Let’s be honest: Tables on websites are often terrible! Gridded text on narrow pages can feel overwhelming and claustrophobic. On a mobile device, the first two columns may be all that you see. And for people using screen readers, tables can be disorienting, especially if headers aren’t properly labeled.
So the first rule of using tables is…don’t use tables! Unless the information needs to be compared across rows and columns, listing it under separate headings rather than in a table will be much easier to process.
That said, a tabular format is unmatched when it comes to repeating the same type of information in a consistent, correlated format. (So the second rule of using tables? Use tables when they make sense!)
Tips for using tables
- Present parallel data points that users want to compare.
- Use the header section to label each column (important for clarity and accessibility!); we cover this in step three below.
- Limit to three to four columns, depending on length.
- After you create a table, check the layout on a mobile device.
How to use the table block
A new page editor was released in June 2020. Do you know how to use it? See the guide to the new block editor »
- Add a table block.
- Enter the number of columns and rows. (You can add or delete rows and columns after the table has been inserted.)
- Add headings to the first row by toggling on Header section in the block settings panel on the right. This setting is important for screen readers to interpret your table properly.
- To adjust the column width, select fixed width from the block settings panel on the right. (See examples below.)
- If set to fixed, all columns will be the same width, and text that is longer will wrap to the next line.
- If not fixed, a column’s width will grow to accommodate longer text, decreasing the width of surrounding cells.
- To add or delete rows and columns, click within a cell, then click the edit table icon in the settings menu at the top of the block.
Comparing program features
The table below helps students compare multiple research programs.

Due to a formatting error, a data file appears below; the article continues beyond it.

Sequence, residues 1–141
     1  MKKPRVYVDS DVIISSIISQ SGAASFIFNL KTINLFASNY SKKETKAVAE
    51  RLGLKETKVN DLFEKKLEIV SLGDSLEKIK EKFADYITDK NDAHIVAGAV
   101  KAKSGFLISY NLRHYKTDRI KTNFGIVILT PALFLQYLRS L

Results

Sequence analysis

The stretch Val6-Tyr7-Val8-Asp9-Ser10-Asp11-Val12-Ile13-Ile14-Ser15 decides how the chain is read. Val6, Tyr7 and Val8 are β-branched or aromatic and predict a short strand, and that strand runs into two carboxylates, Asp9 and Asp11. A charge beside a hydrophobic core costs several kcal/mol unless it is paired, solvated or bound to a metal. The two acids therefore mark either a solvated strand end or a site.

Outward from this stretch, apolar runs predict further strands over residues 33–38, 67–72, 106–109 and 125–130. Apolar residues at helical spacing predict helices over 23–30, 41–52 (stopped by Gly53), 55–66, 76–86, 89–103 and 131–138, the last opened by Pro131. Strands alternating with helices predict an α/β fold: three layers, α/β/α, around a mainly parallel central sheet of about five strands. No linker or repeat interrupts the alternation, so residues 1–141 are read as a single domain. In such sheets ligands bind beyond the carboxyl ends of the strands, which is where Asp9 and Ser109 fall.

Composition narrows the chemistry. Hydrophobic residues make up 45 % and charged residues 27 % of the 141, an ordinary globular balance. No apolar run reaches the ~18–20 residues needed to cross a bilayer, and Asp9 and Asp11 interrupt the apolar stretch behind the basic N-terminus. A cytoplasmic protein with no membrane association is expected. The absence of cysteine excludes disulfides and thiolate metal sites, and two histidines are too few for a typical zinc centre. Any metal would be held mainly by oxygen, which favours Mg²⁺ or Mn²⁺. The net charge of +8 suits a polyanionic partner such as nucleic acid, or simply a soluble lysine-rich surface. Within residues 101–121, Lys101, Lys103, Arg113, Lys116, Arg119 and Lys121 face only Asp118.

|RESEARCH PROGRAM||Eligible degree programs||Duration||Funding available||Ideal for|
|MD||3 mos.||Fully funded|
|MSCI, MPHS, MPH||10-12 mos.||Varies by program||In-depth|
Displaying schedules: To table, or not to table
Because schedules repeat the same kind of information for each event — time, location, description, etc. — they’re often listed in table format. However, tables can make schedules difficult to process because individual event information is spread across rows rather than chunked into scannable sets.
Imagine you’re looking for a group training session on the Medical Campus…
You can locate that information in the table below, but it requires looking for information in two different columns — training type and location — simultaneously:
|Group Training Session||10/2||1:30-3pm||Office of Public Affairs, 3rd floor|
|Open Office Hours||10/2||3-4:30pm||Office of Public Affairs, 3rd floor|
|Group Training Session||11/7||1:30-3pm||Mid Campus Center, Room 2057|
|Open Office Hours||11/7||3-4:30pm||Mid Campus Center, Room 2057|
|Group Training Session||12/4||1:30-3pm||Office of Public Affairs, 3rd floor|
|Open Office Hours||12/4||3-4:30pm||Office of Public Affairs, 3rd floor|
An alternative would be to simply list each training event as a separate chunk of information in paragraph blocks. (Include one event per paragraph block, and use soft returns to single-space within each block.)
You also might separate events into relevant groups. In this case, those might be training type (group session or office hours), or location (Danforth Campus or Medical Campus). How you group them depends on which factor is more significant to your users.
Here’s the same schedule as above, with events grouped into cards by location:
As a wise person has probably said, sometimes the best table is no table at all!